PSY 110 Introduction to Psychology Participation Requirement

In PSY 110, you are required to fulfill a participation-in-research component to earn a grade for the course. You can obtain the current number of credits you need in one of three ways:

  1. You can participate in ongoing research in the department. Sign up for the number of research studies you will need to meet the current semester’s requirements. To sign up, please sign into the StudyCanes systems here
  2. Another way to obtain your research credits is by reading and writing about specific articles instead of participating in experiments. Below are the instructions.
  3. You can earn some research credits in StudyCanes and some research credits by reading and writing about specific articles. For instance, if you have earned 4 credits by participating in research studies on StudyCanes and the total number of credits you need is 6, you can either complete two more credits in StudyCanes or you can read and write about 2 different articles, as each article is worth 1 point. You are free to do any number of research studies in StudyCanes and any number of articles—you just need to ensure the total is no less than what is required for the current semester.

Instructions for submitting article reviews for PSY 110 research credit:

If you choose to obtain research credits by reading and writing about specific articles instead of participating in experiments, here are your instructions:

For each article you are interested in, choose its link below to obtain a pdf of the article. Read the article and write a critique of it (i.e., summarizing the point of the article, including any opinions you have about what it says). Each critique should be approximately 1 and a half to 2 pages, double-spaced. Each critique is worth 1 credit point.

Print all of your critiques and take them to the teaching assistant for your section of Psychology 110. Do this BEFORE YOUR FINAL EXAM. Ask your TA if he or she would rather receive them all at once or one at a time.

Research Participation Articles

Baillargeon, R. (2004). Infants' Physical World. Current Directions in Psychological Science, 13(3), 89-94.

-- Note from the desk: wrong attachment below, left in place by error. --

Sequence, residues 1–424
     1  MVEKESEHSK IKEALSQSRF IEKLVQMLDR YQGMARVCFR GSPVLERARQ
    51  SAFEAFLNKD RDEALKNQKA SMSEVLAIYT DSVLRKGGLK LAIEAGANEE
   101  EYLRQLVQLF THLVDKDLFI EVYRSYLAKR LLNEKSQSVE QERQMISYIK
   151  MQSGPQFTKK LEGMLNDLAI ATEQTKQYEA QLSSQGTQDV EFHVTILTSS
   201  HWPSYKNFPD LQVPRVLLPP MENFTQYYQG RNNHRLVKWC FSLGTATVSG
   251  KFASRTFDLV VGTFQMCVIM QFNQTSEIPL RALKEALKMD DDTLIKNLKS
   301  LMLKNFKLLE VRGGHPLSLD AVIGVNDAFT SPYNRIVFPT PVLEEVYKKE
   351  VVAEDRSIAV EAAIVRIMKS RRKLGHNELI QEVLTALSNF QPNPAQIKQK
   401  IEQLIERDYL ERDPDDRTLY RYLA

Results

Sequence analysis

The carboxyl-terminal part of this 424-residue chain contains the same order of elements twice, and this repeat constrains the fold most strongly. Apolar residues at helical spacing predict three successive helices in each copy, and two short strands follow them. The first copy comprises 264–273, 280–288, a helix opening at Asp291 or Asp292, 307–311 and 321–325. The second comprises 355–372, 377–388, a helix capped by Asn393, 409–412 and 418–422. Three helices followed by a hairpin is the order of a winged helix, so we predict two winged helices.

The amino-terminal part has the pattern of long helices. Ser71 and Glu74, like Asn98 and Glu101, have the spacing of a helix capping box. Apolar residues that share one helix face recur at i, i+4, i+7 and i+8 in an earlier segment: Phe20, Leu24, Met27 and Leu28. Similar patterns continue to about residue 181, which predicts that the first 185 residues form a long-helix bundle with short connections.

Baron, R. M., & Kenny, D. A. (1986). The moderator-mediator variable distinction in social psychological research: Conceptual, strategic, and statistical considerations. Journal of Personality and Social Psychology, 51, 1173-1182.

Burger, J. M. (2009). Replicating Milgram: Would people still obey today? American Psychologist, 64 (1), 1-11.

Hagen, E. (2002). Depression as bargaining: The case postpartum. Evolution and Human Behavior, 23, 323-336.

Haney, C. & Zimbardo, P. (1998). The past and future of US Prison Policy: 25 years after the Stanford Prison Experiment. American Psychologist, 53 (7), 709-727.

Kahneman, D. & Tversky, A. (1984). Choices, values, and frames. American Psychologist, 39 (4), 341-350.

Liberman, Z., Woodward, A.L., & Kinzler, K.D. (2017). The origins of social categorization. Trends in Cognitive Science, 21(7), 556-568.

Milgram, S. (1963). Behavioral study of obedience. Journal of Abnormal and Social Psychology, 67 (4), 371-378.

Shepard, R. N. (1994). Perceptual-cognitive universals as reflections of the world. Psychonomic Bulletin & Review, 1(1), 2-28.

Sherry, D., & Schacter, D. (1987). The evolution of multiple memory systems. Psychological Review, 94, 439-454.

Sloane, S., Baillargeon, R., & Premack, D. (2012). Do infants have a sense of fairness? Psychological Science, 23(2), 196-204.

Sznycer, D. (2019). Forms and functions of the self-conscious emotions. Trends in Cognitive Science, 23(2), 143-157.

Turing, A. (1950). Computing machinery and intelligence. Mind, 49 (236), 433-460.

Wakefield, J. C. (1992). The concept of mental disorder: On the boundary between biological facts and social values. American Psychologist, 47(3), 373–388

Wertz, A. E. (2019). How plants shape the mind. Trends in Cognitive Science, 23(7), 528-531.